1951 Wellington-Lyttelton yacht race TV1 tonight

May 20, 2015

The Peninsula Cruising Club’s Canterbury centennial race from Wellington to Lyttelton is the subject of Descent from Disaster, on TV1 at 8:30 this evening.

Only one of the 20 starters finished the race and two yachts, Argo and Husky, were lost with all their crew.

Another race entrant, Astral, was dismasted. A trawler, Tawera, took the yacht in tow but as the weather worsened the tow rope chafed through.

My father was one of the crew on the Caplin. A newspaper report in his journal records the account of the trawler skipper, George Brasell:

A newspaper report in Dad’s journal records the account of the trawler skipper, George Brasell:

“Astral was carrying a light and all we could do was to stand by alongside her and keep her in view. This was a tremendous task as it was blowing a full gale and a light was only visible when she topped the seas. My crew were tried to their utmost that night and did a wonderful job i n trying to keep the Astral in sight. Visibility was very bad. We only picked up land once after leaving Lyttelton.

“About midnight on Friday the crew of the Astral signalled us to put oil on the water. We did as requested until daylight when we started to take the crew off by means of a line dragging each member through the water. Luckily the rescue was carried out successfully. I felt proud of my crew. The rescue was carried out at the height of the gale. . . “

 I posted on the race on its anniversary. Several people with memories of it or connections to it left comments.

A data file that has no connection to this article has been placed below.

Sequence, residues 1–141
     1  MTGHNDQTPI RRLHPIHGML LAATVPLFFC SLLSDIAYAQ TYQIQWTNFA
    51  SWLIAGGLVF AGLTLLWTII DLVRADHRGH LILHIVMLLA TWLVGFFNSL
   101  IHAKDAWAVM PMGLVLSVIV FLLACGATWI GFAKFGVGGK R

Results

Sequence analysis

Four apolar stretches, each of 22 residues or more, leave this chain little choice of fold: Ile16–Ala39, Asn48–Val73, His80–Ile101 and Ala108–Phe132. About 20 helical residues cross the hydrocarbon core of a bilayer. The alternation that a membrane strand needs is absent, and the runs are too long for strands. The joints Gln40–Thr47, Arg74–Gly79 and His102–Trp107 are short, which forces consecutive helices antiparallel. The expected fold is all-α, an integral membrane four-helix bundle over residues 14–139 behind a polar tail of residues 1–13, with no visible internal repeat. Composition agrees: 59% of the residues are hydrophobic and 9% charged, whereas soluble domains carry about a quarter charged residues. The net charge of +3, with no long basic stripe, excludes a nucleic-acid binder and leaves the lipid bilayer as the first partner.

Triumph, trials and tragedy in centennial yacht race

January 23, 2010

The Peninsula Cruising Club’s Canterbury centennial race from Wellington to Lyttelton, set off on this day in 1951.

Only one yacht finished the race and two were lost with all their crew.

Thirteen of the 24 starters were from the South Island including these three:

They were the Aurora, from Dunedin, the Galatea from Lyttelton and the Caplin  from Oamaru.

One of those crewing the Caplin,  was my father.

He kept a log of the voyage which recorded worsening weather.

Tuesday 23rd Jan, 1500 hours: Big jib tore when wind freshened . . . Heavy swell.

Wednesday 245h Jan, 1200 hours: Reefed mainsail again. Seas really mountainous . . . Caplin will not come about in heavy seas when under short sail. . .

1800 hrs: Wind gale force, seas breaching fully . Taking heavy pounding. In past 60 miles sailing have not gained any distance . . . Hove to.

Thursday Jan 26: Hove to all last night. Remained hove to. Did not need a sea anchor . . . Seas breaching badly but only one broke over us so far . . .

1600 hours: Weather forecast advised all shipping yachts in the area of Cook Strait or Kaikoura to take shelter. Decided to run for Cape Campbell about 40 miles away to leeward. Ran under staysail made rapid passage. Caplin runs beautifully.

2020: Cape Campbell light a-beam. Took 4 hours to tack our way round protecting reef. But nervous 10 minutes when the wind dropped completely. Considered starting engine. Wind returned with renewed fury. Dropped anchor.

2400 hours: Anchor started to drag, Broke seals, started engines . . .

Once they’d broken the seals and started the engine they were disqualified from the race. When the weather calmed they set sail and finally reached Lyttelton Harbour on January 30, a week after starting the race.